Attorney General’s office files briefs in 2022 House race case
The final round of briefs in a federal case to force a House of Delegates race this November may have been filed this week. Richmond Attorney Paul Goldman filed suit against the Board of Elections last year claiming the certification of winning candidates in the 2021 race was not valid because the districts are outdated because they are based on the 2010 Census.
In March. the U.S. Fourth Circuit Court of Appeals sent the case back to the Eastern District of Virginia to answer the question of whether Goldman has the right to have filed the suit. In a new brief filed on Monday, Solicitor General Andrew Ferguson argues Goldman does not have standing.
“Goldman’s brief is long on rhetoric but falls short on standing—the only question the Fourth Circuit authorized this Court to answer,” reads the motion. “He offers no explanation of how he has suffered the sort of particularized injury-in-fact that Article III requires for any plaintiff who wants to invoke federal jurisdiction.”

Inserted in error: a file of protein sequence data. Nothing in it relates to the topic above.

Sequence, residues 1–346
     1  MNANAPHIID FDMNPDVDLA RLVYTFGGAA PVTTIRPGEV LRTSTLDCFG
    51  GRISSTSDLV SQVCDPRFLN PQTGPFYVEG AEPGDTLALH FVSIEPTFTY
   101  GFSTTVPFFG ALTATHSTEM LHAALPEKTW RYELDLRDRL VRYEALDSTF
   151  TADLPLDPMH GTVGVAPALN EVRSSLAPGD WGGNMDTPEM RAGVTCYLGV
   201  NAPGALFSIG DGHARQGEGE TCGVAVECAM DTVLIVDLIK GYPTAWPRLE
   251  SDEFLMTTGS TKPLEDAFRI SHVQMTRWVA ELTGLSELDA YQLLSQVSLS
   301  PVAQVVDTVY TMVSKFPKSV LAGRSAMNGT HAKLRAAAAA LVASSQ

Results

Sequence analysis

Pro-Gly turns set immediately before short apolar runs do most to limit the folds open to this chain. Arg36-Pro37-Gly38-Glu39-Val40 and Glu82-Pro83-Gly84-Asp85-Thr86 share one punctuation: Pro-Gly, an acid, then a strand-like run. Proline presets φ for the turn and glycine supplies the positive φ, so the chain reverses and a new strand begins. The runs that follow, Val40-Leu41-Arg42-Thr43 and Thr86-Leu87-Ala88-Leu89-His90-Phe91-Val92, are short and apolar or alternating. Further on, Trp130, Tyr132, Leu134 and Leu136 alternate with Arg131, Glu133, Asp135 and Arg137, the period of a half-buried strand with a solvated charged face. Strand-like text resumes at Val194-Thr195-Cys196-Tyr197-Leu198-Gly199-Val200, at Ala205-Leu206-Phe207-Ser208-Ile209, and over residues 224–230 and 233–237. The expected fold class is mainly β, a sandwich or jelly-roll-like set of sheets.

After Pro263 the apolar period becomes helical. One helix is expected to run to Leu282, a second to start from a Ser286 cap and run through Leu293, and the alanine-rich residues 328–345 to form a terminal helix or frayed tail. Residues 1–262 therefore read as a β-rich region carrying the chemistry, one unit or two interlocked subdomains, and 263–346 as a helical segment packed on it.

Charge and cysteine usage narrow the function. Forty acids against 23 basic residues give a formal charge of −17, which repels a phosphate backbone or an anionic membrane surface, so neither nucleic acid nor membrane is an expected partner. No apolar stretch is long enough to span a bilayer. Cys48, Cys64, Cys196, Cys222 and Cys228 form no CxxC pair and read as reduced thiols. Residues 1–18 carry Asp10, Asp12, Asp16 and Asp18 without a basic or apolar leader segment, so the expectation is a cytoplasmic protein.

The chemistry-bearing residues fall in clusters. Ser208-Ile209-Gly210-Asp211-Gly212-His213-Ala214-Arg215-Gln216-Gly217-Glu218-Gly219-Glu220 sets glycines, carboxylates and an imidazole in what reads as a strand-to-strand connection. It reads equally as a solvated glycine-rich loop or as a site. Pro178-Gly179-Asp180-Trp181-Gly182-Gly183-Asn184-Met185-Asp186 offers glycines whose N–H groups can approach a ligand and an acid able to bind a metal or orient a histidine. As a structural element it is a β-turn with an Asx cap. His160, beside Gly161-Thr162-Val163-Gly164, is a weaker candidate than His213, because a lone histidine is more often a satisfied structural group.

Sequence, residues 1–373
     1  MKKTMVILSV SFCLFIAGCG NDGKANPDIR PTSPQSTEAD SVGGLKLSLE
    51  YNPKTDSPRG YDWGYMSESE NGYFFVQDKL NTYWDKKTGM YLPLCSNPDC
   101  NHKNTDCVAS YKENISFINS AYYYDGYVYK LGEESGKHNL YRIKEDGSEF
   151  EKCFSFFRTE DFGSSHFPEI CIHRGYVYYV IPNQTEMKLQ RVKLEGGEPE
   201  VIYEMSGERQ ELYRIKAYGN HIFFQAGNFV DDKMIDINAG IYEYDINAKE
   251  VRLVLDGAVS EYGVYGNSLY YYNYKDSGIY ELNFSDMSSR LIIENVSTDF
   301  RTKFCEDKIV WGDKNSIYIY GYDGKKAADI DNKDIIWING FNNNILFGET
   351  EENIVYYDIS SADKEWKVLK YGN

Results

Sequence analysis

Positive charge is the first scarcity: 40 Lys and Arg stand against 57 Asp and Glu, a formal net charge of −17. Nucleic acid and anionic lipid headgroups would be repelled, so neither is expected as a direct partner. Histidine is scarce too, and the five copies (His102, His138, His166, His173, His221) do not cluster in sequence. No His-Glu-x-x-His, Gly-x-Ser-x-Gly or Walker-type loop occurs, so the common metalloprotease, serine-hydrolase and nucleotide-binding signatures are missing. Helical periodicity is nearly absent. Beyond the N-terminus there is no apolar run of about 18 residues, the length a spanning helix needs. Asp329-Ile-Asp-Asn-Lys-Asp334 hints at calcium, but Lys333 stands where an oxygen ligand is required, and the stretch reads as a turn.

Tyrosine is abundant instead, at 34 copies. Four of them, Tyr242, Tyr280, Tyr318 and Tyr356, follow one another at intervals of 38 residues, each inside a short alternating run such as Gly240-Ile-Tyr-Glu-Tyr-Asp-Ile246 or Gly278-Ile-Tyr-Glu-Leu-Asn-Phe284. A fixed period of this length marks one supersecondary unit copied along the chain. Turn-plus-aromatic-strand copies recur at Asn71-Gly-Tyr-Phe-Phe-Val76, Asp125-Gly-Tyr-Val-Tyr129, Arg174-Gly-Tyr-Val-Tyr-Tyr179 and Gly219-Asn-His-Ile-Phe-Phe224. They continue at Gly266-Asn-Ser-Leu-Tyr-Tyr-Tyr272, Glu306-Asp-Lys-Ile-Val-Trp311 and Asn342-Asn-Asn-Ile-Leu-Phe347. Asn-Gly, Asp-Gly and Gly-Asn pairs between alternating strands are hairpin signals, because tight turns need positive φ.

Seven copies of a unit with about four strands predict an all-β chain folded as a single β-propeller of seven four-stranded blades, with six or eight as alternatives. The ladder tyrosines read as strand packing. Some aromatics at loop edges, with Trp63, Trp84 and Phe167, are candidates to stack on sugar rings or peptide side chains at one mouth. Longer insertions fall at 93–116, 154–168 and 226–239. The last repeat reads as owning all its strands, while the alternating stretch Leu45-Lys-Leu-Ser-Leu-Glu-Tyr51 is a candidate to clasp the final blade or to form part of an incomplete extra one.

The brief goes on to argue that the action by the Virginia Supreme Court to adopt new legislative boundaries in late December did nothing to invalidate the elections of 2021.
“The Supreme Court merely drew the maps for the next election,” the motion continues. “The Commonwealth of Virginia’s conduct of the 2021 election did not violate the United States Constitution.”
The brief also argues that a federal judicial order to hold a state election this year would be intrusive and would lead to “judicially created confusion.” The state also argues that oral argument on this question is not necessary.
In response, Goldman filed a surrebuttal arguing that the state’s latest motion introduced new matters that he deserves to have the right to respond to. On Tuesday, Judge David Novak issued an order supporting Goldman’s request to consider a case called Avery v. Midland County as he reviews how to proceed with the case.
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